You’re taking two selective pieces in a paragraph and using them to construe your own misguided take.

Revolut aren’t interested in the dividends you get, they charge you a holding fee to make a profit.

“The payment of dividends by a company is not guaranteed and you may not have the opportunity to exercise any voting rights attaching to those Instruments.”

Legalease to English:

“Companies evaluate if they want to pay a dividend themselves and as such we can’t promise you a dividend from any specific company. We also can’t promise they will allow you to vote on anything”

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We also can’t promise they will allow you to vote on anything

At least here you are definitely wrong; the text clearly and unambiguously states that I might have right to vote which I cannot exercise.

Revolut aren’t interested in the dividends you get, they charge you a holding fee to make a profit.

I don’t really care that much whether or with what they make profit; I’m only interested in whether they have something fair to offer or not.

Legalease to English:

This is your interpretation. The paragraph (and the rest of the text) does not mention that dividends are actually paid to the customer anywhere. The paragraph does not - neither in English nor in “Legalease” - restrict the fact that there is “no guarantee” in any way. In particular, it does not and nowhere restrict this to companies that have chosen not to pay dividends. Thus, this is pure speculation on your end.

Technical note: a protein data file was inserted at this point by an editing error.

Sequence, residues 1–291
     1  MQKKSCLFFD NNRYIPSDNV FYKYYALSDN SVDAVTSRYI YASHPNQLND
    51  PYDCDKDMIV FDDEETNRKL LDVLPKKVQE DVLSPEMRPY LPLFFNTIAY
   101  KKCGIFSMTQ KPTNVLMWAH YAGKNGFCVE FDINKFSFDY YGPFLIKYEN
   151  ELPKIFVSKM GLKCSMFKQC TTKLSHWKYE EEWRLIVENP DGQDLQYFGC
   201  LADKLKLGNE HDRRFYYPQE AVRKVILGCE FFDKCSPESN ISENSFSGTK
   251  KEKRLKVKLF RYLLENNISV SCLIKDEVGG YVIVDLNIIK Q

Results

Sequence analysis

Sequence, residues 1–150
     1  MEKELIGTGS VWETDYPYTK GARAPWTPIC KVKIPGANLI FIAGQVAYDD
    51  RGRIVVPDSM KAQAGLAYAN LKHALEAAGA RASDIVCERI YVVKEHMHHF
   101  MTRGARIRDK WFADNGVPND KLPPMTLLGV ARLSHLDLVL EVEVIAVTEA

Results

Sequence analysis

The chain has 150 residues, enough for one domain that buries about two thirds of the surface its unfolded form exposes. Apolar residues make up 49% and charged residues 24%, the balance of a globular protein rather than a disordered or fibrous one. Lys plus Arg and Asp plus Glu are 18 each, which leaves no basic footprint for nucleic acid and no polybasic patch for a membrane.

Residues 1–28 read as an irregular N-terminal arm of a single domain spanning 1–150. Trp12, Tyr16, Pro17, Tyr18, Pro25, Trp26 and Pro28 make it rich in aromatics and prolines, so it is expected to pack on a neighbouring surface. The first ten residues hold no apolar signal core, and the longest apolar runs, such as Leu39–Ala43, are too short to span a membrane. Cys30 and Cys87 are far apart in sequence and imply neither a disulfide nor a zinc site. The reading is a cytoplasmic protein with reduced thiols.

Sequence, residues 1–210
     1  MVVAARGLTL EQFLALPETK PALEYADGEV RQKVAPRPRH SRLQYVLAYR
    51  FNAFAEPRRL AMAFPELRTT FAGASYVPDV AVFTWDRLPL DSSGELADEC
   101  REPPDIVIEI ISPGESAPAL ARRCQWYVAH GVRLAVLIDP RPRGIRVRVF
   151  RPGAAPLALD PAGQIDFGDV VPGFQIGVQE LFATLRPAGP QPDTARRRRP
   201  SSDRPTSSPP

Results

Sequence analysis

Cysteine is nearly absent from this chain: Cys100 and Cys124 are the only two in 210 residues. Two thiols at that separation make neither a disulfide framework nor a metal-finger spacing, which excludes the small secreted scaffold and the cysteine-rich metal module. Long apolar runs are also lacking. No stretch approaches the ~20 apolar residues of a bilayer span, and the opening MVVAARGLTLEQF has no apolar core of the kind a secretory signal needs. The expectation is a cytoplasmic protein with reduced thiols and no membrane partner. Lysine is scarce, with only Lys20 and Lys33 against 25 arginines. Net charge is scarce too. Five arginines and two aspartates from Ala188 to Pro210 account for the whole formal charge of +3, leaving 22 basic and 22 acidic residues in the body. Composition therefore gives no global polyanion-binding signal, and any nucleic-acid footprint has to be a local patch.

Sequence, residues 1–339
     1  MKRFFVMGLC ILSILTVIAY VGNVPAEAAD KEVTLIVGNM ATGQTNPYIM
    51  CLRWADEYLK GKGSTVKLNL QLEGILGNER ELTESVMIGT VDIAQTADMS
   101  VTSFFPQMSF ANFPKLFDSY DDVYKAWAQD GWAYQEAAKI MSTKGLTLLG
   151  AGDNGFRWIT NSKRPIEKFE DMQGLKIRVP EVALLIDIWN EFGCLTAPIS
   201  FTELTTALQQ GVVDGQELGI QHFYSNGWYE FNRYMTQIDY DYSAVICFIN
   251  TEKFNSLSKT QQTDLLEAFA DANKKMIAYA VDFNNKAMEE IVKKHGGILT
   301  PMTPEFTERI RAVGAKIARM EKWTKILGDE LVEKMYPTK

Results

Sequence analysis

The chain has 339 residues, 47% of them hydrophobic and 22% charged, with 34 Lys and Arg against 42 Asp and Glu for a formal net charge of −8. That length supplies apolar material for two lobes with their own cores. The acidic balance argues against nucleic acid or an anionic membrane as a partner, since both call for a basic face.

In contrast, the paragraph intertwines something Revolut clearly does not offer (the exercising of voting rights) and dividends. The fact that you yourself didn’t understand the former correctly shows how contrived this is. Yes, one can read it as Revolut not warranting the exercising of voting rights whilst the companies not warranting the payment of dividends. However, if Revolut were to withhold my dividends after me accepting this paragraph, I’m not sure any court wouldn’t tell me that I got what I accepted.

People have received their dividends through Revolut already

They don’t withhold them

It would be the company not paying them


On Revolut you can (as far as I know) have fraction of share. So let’s say You own 1/10 of a share of company Tango price 1usd/share. Your investment is value 10c. Tango company have 1% dividend. So your dividend is 0,1c. But you have to pay tax on the dividend. So with fraction of share you can end up with dividend not being paid even it it’s paid by company.